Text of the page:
Charles Kerns
A perfect book. Perfect for an old man in despair, regretting all, surrounded by death, by loss, by machines grinding his world to nothing. Perfect.

OK, maybe the newspaper article on the mafia was never ending, but a book pretty close to perfect.

Just the thing to give that cherry, hopeful neighbor, to knock him down so you two can brood and quietly kill a liquor bottle or two.

Just the thing to read before you die.

Feb 10, 2014 rated it really liked it  ·  review of another edition
Shelves: crime
For me this was the weakest of the three Mediterranean Noir titles. Of course we are talking Izzo here and it is all relative. This still merits four stars. It was a really good read, some new love interest though as ever this is not what an Izzo book is about. It is more to do with friendship and love of friends. Lots of violence of the reported kind. I shall miss Fabio, Honorine and Fonfon but it has been a great experience.

Thoroughly recommended but do start with Total Chaos.
Mar 19, 2010 rated it really liked it  ·  review of another edition
I love the writing of izzo. He quotes Camus, The love we share with a city is often a secret love. Izzo and his hero Fabio love Marseilles and fear the change to come when Eurotechnocrats will rebuild its harbor. The year is 1995. One of Fabio's girlfriends knows too much about the French Mafia and they are searching for her. Death and romance and pastis abound in Fabio's world, and beautiful women.
Mar 27, 2014 rated it liked it  ·  review of another edition
Pretty damn good. It's evidently the third in a trilogy, but it works just fine as a stand-alone (though I'd like to check out the others). I'm not sure if it's an issue of translation or not, but the prose is occasionally a bit flat; however, it's just as often poetic in that hard-boiled, unpretentious manner of the best crime fiction.
Alan Korolenko
The third book in the noirish Marseille Trilogy finds Fabio Mantale in danger as he finds his family and friends in danger and vows vengeance against a Mafia hitman. Darkest of the three books, Montale's basic decency shines through but the systemic corruption in Italy is overwhelming. Apparently Izzo was asked to write a fourth Montale book but chose to end the story here. He died in 2000.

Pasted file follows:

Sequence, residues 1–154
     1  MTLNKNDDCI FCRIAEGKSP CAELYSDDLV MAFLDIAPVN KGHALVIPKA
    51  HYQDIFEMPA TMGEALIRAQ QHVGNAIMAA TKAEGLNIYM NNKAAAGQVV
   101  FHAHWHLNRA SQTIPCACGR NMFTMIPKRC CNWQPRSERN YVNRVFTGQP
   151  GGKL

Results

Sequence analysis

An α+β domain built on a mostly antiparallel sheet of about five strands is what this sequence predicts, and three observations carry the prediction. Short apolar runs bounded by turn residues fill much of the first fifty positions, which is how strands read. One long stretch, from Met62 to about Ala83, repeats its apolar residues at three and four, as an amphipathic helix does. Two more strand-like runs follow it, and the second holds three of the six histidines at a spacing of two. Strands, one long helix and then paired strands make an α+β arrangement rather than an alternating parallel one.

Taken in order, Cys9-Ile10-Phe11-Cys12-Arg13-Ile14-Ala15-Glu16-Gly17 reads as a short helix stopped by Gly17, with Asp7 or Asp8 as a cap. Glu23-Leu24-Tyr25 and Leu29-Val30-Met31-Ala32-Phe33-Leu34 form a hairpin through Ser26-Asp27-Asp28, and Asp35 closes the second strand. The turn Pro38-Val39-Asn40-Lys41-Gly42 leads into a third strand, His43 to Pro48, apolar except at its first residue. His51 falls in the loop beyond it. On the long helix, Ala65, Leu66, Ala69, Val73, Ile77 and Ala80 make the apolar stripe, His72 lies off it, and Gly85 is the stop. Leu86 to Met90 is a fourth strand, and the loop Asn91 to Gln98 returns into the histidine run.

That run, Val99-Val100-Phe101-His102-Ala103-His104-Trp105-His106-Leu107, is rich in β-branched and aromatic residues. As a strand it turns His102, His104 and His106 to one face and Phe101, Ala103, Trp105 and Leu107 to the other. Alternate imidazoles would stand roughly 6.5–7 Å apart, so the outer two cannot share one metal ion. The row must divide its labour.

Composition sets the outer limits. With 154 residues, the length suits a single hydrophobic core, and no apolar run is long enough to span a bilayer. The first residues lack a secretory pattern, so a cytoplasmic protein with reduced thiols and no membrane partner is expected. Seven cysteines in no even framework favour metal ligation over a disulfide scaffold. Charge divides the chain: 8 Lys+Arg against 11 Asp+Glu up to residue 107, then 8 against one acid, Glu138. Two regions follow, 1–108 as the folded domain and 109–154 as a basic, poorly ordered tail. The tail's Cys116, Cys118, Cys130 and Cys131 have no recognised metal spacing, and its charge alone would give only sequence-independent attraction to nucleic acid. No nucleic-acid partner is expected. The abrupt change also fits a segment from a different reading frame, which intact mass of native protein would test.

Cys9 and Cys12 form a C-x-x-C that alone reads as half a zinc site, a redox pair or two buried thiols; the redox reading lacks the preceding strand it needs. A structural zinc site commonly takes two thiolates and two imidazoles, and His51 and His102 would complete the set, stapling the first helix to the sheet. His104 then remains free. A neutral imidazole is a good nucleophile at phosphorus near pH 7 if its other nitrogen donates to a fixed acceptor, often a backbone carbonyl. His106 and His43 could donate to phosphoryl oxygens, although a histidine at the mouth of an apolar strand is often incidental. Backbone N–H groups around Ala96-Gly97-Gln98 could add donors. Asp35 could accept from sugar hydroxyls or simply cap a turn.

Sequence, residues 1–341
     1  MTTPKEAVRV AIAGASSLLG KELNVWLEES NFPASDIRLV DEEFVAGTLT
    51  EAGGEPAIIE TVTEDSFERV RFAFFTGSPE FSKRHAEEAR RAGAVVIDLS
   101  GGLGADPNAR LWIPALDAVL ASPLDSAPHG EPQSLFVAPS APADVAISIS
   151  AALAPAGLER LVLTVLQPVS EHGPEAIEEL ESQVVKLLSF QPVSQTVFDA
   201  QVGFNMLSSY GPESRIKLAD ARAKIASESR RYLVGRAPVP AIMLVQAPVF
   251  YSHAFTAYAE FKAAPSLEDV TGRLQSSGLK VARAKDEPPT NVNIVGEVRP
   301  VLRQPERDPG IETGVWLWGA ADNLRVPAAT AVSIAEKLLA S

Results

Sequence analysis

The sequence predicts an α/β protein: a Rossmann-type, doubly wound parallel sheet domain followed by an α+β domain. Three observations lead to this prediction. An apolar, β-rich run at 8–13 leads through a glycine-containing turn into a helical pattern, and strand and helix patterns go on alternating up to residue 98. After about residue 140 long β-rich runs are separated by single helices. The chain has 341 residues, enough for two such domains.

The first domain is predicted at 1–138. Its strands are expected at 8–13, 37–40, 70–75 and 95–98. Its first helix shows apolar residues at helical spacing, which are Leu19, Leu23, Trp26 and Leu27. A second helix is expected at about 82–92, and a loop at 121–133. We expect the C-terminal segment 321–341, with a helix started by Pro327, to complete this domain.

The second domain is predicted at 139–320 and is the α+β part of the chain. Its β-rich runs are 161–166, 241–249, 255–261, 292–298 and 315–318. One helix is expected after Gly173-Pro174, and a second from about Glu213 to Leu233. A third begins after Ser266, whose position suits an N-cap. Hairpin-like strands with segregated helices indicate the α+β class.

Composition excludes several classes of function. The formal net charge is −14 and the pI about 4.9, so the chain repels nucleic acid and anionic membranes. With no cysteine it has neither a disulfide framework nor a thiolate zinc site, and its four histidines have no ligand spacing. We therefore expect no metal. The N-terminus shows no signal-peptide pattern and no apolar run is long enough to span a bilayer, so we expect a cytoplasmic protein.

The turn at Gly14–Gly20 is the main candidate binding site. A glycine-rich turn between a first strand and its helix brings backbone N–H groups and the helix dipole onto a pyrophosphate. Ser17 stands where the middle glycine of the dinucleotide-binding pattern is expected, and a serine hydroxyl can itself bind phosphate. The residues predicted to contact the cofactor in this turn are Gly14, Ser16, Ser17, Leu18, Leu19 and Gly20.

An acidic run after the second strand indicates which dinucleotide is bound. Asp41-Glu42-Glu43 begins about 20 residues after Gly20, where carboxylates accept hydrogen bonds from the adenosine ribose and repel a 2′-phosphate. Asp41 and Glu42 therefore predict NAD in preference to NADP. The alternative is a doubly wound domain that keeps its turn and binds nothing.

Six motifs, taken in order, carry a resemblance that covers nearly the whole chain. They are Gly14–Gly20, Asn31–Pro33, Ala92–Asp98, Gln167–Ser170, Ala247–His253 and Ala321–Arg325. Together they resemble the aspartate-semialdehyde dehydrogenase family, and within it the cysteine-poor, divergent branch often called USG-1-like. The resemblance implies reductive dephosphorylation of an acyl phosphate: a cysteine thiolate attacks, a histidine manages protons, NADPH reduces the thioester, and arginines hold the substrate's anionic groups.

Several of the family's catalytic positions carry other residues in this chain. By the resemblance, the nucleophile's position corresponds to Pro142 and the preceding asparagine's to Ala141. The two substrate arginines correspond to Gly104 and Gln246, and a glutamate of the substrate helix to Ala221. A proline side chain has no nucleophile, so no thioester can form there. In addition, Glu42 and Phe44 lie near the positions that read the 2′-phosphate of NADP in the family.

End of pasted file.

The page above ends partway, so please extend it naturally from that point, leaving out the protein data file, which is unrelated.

Apr 25, 2012 rated it really liked it  ·  review of another edition
I started with the last book in the series. People are right when they talk about the character and the descriptions of place getting under your skin. Things don't go smoothly, the happy endings don't happen. It's about regret and realizing who you do love. I found some of the discussion of debt timely but some of the sociology a little overwrought. Nonetheless I found it a magical read.
Jack Laschenski
Sep 09, 2013 rated it it was amazing  ·  review of another edition
Noir, noir!

This, the third and last of the Marseille trilogy is the blackest.

The Mafia runs everything: the politicians, the police and the big businesses.

And they kill everyone who wants to expose them

Including our protagonist and his friends.

Magnificent setting in the old city - now mostly urban renewed.

Noir, noir.
Jul 18, 2009 rated it liked it  ·  review of another edition
Sigh. I didn't want this series to end. It did. It had to. [Spoiler:] The ending is sad. It had to end that way, no? Izzo gets under your skin one last time.
Regret. This final book in the trilogy is about regret.

Jeffrey Cavanaugh
A dark masterpiece that concludes by revealing the grim truth that only the most honest of authors are willing to impart to us - that good does not always triumph and that the better angels of our nature do not always win. Superb.
Sophie Bernier
I'm not really a fan of police novels, especially when it talks so much about corruption, but I did like it. I was a little tired of Lole at the end of it and I feel like it could've been more fast paced.
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Jean-Claude Izzo was a French poet, playwright, screenwriter, and novelist who achieved sudden fame in the mid-1990s with the publication of his three noir novels, Total Chaos (Total Khéops), Chourmo, and Solea: widely known as the Marseilles Trilogy. They feature, as protagonist, ex-cop Fabio Montale, and are set in the author's native city of Marseille. All have been translated into English by H ...more

Other books in the series

La trilogie Fabio Montale (3 books)
  • Total Chaos
  • Chourmo